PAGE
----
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      Locust Attack in Pakistan: Assessing and Dealing with the Threat

      Policy Perspectives
      Pluto Journals
      Locusts, Pakistan, COVID-19, Outbreak, Food Security, Pandemic


            The recent locust attack in Pakistan is a grave threat to food security during the pandemic of Covid-19. The government was cognizant of the threat and made strategies to overcome it. The phenomenon, however, is neither new nor over. The risk to the food security is very real and needs a cross disciplinary approach to understand the phenomenon, a transnational synergy to monitor, prevent, and control the outbreaks, and a global effort to train and equip the developing nations against the threat. Pakistan needs to remain vigilant and alert in order to monitor the internal breeding grounds in Balochistan, Sindh and Punjab, and to keep an eye on the transnational movement of the insects that might enter Pakistan. It also needs to strategize the effort through sustained national cohesion and by taking all the stakeholders onboard. This paper examines the recent locust attack and the government's response towards it. It further analyzes the threats to food security and the government strategies to be adopted. The consequences of such incidents for Pakistan in future would be disastrous in the absence of policies and in view of the unstable national economy. The locust attacks would not only pose a threat to food security; they would cause reduction in exports and necessitate import of food products. This will ultimately disturb the balance of payments, resulting in more loans. The paper aims to provide possible policy recommendations to deal with such threats, institutional arrangements, and strategies that may be workable at the micro and macro levels.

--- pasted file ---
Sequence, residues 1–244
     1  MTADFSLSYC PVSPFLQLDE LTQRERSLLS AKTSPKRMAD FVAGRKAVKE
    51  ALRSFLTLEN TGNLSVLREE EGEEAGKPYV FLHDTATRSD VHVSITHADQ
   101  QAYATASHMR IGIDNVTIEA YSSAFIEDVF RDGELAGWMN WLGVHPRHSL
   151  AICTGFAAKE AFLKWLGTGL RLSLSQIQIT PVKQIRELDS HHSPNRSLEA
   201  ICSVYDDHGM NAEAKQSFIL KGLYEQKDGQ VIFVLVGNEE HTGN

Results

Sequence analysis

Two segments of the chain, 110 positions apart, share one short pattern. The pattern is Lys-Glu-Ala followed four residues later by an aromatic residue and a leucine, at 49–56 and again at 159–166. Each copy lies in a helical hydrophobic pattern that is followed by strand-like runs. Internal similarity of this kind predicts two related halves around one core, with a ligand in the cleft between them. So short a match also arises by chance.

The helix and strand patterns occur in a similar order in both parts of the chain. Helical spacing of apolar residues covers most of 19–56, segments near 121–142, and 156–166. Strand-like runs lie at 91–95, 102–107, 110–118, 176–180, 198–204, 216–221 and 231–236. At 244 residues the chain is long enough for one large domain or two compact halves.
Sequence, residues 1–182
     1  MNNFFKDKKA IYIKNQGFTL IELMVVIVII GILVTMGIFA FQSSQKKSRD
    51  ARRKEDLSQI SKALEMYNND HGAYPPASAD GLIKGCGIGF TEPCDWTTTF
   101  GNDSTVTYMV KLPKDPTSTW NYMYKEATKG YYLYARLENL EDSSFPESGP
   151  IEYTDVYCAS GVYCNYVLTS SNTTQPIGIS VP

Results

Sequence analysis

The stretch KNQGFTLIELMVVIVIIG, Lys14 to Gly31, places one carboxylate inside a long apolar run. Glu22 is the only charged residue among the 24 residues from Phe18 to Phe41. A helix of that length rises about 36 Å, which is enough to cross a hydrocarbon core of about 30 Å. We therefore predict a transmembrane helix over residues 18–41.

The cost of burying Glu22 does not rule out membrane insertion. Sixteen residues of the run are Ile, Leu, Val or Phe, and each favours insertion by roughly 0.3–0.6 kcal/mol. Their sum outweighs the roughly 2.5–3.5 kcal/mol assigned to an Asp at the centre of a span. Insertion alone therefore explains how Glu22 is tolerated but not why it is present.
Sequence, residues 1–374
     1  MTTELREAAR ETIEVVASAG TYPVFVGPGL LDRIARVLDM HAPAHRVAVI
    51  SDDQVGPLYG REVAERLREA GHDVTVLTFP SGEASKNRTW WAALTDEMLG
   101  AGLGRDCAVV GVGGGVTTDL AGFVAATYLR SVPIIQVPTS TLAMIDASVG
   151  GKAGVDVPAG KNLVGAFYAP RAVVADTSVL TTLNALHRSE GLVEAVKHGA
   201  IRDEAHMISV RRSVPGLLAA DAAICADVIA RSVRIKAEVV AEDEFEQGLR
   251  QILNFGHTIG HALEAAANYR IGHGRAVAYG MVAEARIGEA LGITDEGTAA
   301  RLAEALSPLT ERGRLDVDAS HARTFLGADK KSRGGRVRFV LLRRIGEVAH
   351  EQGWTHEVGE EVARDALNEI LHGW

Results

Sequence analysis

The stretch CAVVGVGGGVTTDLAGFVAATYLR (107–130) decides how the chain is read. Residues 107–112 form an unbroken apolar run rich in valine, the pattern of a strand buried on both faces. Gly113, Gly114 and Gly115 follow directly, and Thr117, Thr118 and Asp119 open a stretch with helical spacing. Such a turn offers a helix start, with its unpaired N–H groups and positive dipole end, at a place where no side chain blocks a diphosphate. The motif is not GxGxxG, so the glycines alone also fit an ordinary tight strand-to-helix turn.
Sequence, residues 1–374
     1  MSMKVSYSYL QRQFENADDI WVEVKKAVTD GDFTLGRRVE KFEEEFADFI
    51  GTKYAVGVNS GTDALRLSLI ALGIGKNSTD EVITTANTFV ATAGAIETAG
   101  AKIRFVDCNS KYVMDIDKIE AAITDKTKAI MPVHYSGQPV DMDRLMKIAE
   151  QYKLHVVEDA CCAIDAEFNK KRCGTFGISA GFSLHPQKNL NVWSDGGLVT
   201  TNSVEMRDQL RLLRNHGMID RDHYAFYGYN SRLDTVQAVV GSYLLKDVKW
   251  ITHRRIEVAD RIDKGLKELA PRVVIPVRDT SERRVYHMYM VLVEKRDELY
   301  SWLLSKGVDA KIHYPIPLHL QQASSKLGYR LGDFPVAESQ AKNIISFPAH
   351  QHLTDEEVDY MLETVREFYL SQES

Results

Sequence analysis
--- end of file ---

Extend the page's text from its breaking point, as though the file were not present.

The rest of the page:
Author and article information

            Policy Perspectives
            Pluto Journals
            1 January 2021
            : 18
            : 1 ( doiID: 10.13169/polipers.18.issue-1 )
            : 109-121
            [* ]Research Officer, International Institute for Global Strategic Analysis (IIGSA), Islamabad, Pakistan; Policy Researcher, Global Foundation for Cyber Studies and Research, Washington, DC, USA.